Dazed's ultimate guide to US creativity
Alexis Penney – previously profiled here – is one of New York's most pivotal underground names, and, as well as releasing incredible music runs the rad post-drag band Chez Deep. They took over a day for our State of Sex week, and Alexis's Pop Quiz is one of the most radical / tru summations we've posted in this hurricane of "content".
While putting together State of Art, one name that kept on coming up was Michael Manning. An LA painter who hops on Microsoft mall-shop laptops to make his canvases, his day-in-the-life is a great read.
Also heavily tipped during our art special was Maja Cule. Taking to GIFs to make her feminist-art historical statements, we dig her because she's expressive, high impact and smart, and encourage you to follow her hawkishly.
One of the people we're proudest to show the world during this season of American independence isn't even American. Manc producer Boothroyd was recommended to us as the US's most important by Warm Up's Imogene Strauss (who, we should stress, is a native daughter of New York City), saluting the ongoing importance of Limeys on America today.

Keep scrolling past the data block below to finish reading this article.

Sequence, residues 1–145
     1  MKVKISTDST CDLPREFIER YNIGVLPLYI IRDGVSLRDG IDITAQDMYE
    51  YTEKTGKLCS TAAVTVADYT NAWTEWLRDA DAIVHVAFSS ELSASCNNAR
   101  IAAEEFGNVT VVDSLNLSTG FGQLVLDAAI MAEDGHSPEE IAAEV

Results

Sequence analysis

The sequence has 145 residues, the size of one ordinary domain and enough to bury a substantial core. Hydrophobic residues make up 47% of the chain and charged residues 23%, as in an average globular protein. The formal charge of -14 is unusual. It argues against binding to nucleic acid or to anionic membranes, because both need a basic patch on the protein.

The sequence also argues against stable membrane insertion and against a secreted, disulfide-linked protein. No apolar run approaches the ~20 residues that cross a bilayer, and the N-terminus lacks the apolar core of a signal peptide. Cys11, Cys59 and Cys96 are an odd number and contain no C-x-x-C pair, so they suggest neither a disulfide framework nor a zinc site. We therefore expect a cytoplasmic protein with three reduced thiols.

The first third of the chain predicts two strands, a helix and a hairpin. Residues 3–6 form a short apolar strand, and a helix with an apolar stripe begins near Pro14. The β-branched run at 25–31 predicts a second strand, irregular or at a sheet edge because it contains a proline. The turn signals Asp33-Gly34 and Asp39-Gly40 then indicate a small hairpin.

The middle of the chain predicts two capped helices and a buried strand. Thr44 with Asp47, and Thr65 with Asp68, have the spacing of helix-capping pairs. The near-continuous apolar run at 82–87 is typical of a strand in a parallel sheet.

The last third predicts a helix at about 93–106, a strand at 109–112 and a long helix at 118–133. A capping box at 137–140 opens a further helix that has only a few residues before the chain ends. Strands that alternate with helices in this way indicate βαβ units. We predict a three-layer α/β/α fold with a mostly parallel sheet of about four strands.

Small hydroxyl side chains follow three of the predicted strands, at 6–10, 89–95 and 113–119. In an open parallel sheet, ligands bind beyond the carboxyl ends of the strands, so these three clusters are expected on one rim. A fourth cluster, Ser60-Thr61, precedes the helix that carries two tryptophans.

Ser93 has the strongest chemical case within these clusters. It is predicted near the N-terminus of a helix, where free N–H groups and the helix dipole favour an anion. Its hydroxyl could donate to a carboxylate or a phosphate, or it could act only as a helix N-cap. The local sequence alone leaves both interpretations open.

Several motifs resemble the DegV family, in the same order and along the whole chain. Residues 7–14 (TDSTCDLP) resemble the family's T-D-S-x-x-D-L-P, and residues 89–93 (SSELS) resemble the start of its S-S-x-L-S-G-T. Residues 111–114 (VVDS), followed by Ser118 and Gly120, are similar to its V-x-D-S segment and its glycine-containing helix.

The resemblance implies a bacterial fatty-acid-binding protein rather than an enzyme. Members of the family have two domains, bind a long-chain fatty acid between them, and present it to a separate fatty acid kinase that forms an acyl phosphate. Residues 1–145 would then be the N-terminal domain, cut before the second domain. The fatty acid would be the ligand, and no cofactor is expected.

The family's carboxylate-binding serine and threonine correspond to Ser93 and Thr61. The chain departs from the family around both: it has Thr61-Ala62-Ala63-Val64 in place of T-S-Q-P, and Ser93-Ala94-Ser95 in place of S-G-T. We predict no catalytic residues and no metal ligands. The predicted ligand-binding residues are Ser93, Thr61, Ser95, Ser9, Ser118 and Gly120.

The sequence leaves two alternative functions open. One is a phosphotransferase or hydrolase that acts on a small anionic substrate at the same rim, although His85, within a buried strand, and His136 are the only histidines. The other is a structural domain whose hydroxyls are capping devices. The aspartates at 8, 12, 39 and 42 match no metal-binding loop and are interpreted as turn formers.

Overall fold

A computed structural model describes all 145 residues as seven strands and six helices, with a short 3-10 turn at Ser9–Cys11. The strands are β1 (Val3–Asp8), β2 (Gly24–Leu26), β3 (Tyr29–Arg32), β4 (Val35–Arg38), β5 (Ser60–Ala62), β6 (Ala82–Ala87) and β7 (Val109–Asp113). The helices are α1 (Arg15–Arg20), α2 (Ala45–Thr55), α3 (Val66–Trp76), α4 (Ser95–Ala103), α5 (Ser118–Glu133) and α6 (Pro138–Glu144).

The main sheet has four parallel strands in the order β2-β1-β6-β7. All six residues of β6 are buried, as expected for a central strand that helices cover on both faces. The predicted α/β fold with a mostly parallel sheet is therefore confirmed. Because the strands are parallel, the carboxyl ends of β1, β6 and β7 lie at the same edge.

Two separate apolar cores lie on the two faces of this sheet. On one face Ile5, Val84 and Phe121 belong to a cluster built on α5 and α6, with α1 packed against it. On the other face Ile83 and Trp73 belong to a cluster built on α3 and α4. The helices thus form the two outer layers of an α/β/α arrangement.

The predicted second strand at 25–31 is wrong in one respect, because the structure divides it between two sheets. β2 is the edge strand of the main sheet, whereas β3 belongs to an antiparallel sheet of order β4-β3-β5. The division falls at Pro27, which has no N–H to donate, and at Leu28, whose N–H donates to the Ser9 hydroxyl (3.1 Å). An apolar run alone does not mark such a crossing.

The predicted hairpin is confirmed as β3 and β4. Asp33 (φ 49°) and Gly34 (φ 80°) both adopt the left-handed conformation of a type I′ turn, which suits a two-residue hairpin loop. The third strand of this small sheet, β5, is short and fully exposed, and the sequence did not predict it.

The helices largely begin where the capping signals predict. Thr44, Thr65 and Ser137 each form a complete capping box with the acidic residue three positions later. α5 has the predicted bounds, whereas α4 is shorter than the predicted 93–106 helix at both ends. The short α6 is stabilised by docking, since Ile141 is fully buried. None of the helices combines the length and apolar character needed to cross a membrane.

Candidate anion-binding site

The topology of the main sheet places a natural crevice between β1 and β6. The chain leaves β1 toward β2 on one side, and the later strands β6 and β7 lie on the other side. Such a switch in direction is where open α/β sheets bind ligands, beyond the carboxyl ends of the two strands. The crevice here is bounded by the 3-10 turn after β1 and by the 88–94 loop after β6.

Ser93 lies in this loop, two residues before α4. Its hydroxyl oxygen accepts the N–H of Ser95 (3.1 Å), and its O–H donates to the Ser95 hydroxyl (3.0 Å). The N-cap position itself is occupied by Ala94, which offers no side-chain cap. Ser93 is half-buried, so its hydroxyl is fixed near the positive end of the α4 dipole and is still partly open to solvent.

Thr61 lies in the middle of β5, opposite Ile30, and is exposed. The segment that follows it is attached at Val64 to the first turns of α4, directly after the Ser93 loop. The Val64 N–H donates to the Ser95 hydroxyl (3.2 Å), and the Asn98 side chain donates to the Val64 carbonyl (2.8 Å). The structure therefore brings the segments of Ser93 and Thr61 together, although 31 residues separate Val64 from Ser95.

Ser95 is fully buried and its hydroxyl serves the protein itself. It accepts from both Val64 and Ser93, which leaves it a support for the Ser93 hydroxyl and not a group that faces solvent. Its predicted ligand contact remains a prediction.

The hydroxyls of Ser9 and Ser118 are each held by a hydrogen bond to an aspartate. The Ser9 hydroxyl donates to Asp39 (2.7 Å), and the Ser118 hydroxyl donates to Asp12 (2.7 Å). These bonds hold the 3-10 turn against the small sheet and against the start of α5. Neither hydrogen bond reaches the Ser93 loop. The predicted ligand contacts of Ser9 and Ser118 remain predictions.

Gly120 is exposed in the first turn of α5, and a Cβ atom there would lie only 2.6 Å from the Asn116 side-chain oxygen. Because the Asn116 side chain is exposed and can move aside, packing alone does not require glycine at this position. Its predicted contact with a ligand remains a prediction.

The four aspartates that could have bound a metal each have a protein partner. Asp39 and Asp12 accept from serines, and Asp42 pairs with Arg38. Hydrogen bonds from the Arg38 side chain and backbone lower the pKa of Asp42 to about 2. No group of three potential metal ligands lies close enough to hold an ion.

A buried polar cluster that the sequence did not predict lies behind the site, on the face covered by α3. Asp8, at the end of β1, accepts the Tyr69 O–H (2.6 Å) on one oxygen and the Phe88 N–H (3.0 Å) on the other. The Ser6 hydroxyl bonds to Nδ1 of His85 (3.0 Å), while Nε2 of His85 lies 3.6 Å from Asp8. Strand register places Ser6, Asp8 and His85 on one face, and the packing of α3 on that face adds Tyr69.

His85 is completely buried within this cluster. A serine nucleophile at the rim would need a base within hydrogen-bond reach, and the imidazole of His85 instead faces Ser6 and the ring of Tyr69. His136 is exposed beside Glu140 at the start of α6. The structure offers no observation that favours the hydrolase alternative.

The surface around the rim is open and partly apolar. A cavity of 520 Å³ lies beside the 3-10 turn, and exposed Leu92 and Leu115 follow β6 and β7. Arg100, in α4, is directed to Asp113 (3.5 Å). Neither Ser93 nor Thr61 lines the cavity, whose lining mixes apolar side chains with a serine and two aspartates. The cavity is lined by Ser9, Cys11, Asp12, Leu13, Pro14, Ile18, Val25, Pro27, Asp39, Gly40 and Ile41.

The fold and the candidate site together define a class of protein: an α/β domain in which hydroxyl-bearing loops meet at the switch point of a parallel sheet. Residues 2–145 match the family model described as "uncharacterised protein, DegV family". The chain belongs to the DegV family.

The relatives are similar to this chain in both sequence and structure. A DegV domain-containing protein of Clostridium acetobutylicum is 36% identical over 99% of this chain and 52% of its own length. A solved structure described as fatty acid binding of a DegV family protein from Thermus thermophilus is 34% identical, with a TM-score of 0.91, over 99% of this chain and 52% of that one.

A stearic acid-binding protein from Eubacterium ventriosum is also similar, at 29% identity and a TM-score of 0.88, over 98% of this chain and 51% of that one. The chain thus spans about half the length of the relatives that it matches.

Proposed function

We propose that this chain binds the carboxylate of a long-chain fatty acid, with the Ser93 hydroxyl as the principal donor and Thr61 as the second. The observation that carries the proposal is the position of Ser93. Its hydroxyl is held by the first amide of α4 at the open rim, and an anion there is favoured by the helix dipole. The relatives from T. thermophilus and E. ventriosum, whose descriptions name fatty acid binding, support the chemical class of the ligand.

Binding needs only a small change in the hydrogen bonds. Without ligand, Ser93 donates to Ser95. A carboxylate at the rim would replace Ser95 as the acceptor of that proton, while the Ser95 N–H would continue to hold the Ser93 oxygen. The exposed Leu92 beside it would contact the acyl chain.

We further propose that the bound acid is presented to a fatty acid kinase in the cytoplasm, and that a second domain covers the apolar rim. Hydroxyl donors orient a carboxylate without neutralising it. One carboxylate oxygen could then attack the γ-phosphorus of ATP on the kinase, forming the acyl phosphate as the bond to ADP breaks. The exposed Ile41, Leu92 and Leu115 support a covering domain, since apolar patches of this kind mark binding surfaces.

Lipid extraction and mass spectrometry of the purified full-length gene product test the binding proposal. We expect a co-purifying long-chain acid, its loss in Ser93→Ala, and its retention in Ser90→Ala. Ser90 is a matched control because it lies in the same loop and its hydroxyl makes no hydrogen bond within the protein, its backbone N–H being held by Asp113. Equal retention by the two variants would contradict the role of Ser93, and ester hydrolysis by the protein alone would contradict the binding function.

A Drake-tipped rapper whose weird-vivid-weird raps and elliptical real-life stories make him one of the most vital forces in about-to-blow hip hop, we spoke to him in Atlanta for State of Music week.
State of Literature was a fantastic week looking at the vital and thrilling world of underground, DIY and alternative writing stateside today. Author and illustrator Atticus Lish was one of the most outlying of all of these, recommended by Tyrant Books as part of their takeover.
Mira – who contributed a clickbait-biting pom of diet tips – as part of Kenneth Goldsmith's day of poetry found in the cracks of the pavement and the internet.
Sex week alert! Giving a fresh face to gender diversity as one of the founding members of trans performance collective Chez Deep is Hari Nef. Documenting her transition openly, she is one of New York's most interesting new performers.
Tearing up Atlanta by giving it a reason to wake up and pause the hip hop is Raury, the 18-year-old indigo child whose mix of genreless music is so magnifying, it's a scene in and of itself.
The 23-year-old writer and editor at Rookie is "more in tune with the thoughts and emotions of young women in America than any other non-teen". Cherry-picked to be part of Mike the Ruler's Kingdom, she is all about bringing it in a bit closer: "My whole goal at Rookie and my career goal in fact is to do work that makes people feel less alienated".